in defense of embezzlers

No one likes to defend embezzlers.  But some of the case law on the tax repercussions of embezzlement and restitution is unduly harsh.  In some cases, the courts have held that restitution of embezzled funds is not an ordinary I.R.C. §162 deduction, but at most a miscellaneous itemized deduction, e.g. in O’Hagan v. Commissioner, T.C. Memo. 1995-409, which is perhaps one of the harshest cases, given the amounts involved and the AMT effect.  Thus the embezzlement income is taxed in full, but repayment supposedly is only deductible in a limited way.  Apparently, the IRS will hold to this result in many cases even where the embezzlement and restitution occurred in the same tax year.  One cannot help but think of the scene in Theodore Dreiser’s Sister Carrie, where the character Charles Drouet takes company funds from the safe, and while he contemplates embezzlement, the safe door accidentally closes behind him, which means he cannot anonymously put the money back.  In the common IRS view, even if Drouet returns the funds the next morning in full, he has incurred a rather large income tax bill by sleeping with the funds overnight.

The odd thing is that if one ascends this river of case law to its citation source, Yerkie v. Commissioner, 67 T.C. 388 (1976), one finds that the taxpayer in that case made no claim to be in the business of embezzlement, and thereby essentially forfeited the I.R.C. §162 loss claim: “Petitioner does not claim he was engaged in the business of embezzlement.”  67 T.C. at 393.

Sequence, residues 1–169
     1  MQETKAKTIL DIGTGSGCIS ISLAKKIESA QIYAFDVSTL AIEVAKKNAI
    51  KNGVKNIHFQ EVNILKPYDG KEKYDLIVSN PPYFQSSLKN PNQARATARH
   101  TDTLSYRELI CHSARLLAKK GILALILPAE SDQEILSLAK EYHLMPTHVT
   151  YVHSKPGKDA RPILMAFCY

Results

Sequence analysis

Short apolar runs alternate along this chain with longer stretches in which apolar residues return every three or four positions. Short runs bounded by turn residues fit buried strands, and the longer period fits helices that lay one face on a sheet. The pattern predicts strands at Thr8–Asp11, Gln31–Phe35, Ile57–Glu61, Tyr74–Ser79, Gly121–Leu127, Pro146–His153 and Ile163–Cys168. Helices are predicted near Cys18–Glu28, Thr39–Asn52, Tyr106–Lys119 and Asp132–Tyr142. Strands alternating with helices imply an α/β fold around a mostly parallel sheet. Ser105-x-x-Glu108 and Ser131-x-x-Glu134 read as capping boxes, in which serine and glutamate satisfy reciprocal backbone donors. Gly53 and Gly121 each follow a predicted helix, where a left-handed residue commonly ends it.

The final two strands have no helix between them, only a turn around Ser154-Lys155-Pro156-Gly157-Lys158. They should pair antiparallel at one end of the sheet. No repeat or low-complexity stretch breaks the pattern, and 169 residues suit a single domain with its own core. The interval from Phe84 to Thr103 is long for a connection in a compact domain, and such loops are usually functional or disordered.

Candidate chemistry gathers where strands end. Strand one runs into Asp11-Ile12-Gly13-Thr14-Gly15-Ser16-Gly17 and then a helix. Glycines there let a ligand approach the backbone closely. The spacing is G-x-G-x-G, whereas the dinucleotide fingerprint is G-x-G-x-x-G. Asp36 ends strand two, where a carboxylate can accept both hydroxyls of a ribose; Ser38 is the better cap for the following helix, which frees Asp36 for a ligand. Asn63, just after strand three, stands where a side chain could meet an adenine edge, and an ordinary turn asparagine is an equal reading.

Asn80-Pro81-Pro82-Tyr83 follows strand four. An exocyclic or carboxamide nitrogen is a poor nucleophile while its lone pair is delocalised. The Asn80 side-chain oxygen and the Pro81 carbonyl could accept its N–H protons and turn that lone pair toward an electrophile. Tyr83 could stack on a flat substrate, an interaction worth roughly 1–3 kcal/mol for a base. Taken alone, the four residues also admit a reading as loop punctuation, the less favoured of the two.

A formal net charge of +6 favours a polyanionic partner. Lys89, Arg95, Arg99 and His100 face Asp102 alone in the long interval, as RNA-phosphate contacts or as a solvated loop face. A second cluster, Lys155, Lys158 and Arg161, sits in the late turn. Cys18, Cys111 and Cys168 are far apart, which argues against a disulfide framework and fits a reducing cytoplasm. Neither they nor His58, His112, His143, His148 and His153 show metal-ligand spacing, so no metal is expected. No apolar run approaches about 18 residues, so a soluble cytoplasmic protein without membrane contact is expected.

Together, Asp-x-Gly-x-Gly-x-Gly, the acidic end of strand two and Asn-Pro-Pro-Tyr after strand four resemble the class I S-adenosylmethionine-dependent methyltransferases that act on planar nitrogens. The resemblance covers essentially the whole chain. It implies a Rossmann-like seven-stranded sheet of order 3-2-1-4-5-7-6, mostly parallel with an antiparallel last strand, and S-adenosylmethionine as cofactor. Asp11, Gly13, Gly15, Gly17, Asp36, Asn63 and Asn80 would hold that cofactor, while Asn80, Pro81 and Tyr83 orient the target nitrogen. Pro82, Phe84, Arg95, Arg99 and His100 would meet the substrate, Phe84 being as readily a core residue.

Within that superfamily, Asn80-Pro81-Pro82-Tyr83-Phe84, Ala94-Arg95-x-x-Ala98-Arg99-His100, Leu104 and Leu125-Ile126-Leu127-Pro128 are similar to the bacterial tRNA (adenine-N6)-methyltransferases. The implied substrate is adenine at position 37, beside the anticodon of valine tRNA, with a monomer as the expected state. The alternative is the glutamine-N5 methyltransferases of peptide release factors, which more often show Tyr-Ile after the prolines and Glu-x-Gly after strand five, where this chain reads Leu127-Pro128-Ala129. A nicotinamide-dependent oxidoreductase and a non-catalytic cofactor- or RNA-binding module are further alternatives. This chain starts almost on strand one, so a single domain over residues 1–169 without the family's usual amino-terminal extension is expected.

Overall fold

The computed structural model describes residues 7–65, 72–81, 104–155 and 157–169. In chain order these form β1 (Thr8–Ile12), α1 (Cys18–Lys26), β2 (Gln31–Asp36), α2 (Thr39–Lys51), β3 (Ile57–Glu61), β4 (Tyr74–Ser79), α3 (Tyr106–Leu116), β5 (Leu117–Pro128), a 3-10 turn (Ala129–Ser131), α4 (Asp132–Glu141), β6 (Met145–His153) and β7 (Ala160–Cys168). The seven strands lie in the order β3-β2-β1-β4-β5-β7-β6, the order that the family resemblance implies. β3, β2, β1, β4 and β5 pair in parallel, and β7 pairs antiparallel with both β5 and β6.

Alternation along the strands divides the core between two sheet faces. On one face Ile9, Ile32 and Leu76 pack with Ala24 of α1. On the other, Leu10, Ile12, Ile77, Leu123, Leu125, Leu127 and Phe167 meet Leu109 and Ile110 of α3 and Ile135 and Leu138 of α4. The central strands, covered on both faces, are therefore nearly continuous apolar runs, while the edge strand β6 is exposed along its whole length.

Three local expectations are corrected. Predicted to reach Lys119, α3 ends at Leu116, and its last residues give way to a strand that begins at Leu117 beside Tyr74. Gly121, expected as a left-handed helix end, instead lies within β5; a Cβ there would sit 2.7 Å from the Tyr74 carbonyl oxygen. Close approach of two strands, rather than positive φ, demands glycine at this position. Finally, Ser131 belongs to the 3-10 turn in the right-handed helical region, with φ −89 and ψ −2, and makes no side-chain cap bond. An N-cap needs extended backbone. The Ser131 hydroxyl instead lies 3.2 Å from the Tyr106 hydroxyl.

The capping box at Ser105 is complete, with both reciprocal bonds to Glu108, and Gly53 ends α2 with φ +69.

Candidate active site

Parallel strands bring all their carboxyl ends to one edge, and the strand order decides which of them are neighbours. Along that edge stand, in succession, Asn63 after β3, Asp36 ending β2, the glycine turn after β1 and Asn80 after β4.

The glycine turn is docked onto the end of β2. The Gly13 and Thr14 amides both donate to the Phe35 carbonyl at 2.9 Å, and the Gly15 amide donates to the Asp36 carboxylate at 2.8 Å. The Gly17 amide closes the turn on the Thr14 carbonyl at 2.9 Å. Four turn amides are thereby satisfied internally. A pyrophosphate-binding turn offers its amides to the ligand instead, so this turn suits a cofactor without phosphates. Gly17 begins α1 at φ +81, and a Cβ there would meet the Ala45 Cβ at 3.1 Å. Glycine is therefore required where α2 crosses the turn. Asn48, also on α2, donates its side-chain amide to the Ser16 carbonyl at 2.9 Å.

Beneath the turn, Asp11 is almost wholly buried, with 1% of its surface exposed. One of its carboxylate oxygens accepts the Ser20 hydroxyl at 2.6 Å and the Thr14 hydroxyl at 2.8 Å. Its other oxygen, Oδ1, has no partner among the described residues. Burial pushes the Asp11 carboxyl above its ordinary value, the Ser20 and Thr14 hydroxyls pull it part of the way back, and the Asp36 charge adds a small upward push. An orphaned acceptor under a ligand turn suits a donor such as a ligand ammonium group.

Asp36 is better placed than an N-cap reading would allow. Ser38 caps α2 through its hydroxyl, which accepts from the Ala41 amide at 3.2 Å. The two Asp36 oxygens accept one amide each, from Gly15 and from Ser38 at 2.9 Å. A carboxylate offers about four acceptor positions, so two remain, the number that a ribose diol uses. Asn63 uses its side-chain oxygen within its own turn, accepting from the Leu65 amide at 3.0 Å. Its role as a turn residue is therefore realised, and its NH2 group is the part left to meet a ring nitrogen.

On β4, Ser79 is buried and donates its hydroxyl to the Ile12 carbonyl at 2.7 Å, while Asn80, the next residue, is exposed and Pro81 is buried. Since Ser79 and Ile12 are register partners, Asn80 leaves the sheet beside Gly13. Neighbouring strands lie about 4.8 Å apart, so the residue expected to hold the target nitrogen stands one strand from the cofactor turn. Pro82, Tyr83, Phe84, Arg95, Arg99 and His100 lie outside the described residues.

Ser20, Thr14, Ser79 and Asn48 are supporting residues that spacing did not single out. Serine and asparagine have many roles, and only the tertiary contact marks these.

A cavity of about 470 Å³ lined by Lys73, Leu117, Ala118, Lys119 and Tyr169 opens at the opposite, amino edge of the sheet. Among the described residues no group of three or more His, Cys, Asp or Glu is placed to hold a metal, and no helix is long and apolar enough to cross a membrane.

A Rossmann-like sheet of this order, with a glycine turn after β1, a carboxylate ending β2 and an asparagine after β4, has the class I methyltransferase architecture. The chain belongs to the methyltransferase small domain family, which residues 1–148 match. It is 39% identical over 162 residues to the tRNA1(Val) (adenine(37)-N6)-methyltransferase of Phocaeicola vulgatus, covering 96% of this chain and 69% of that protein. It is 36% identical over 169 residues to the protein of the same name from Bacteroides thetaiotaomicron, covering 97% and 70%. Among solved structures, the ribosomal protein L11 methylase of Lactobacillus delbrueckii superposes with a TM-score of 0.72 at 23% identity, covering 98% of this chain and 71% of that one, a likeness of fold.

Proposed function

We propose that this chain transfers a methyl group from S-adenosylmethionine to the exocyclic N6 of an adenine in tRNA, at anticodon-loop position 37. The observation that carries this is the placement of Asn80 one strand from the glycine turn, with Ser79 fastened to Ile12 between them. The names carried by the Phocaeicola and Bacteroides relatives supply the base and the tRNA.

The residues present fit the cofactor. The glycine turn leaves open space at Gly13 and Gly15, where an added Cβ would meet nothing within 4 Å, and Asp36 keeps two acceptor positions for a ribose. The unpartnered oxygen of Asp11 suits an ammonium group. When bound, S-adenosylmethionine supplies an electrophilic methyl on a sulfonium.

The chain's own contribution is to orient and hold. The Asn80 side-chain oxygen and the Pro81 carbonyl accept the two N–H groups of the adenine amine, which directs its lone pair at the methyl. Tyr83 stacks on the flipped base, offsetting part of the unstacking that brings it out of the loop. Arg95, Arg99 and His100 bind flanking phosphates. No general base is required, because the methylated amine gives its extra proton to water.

At some point, a court should hold that a taxpayer can be in the business of embezzlement, and that reimbursement of embezzled funds are a cost of that business, fully deductible under I.R.C. §162.  (A taxpayer generally may be a professional criminal, as a body of case law has established.)  Even the IRS in internal advice has recognized that the Yerkie case law is more of a historical development than a  defensible principle.  “[E]mbezzlement can rise to the level of a trade or business under section 162 of the Code.”  Field Service Advice dated June 1, 1994, available at 1994 WL 1866290.

Of course, whether a taxpayer is in the business of embezzlement is still subject to general trade-or-business analysis under I.R.C. §162.  The taxpayer must pursue the embezzlement with a sufficient profit motive and with sufficient time and energy to establish that there is a business, just as he would have to do with a lemonade stand.  A single act of embezzlement may not qualify as a trade or business.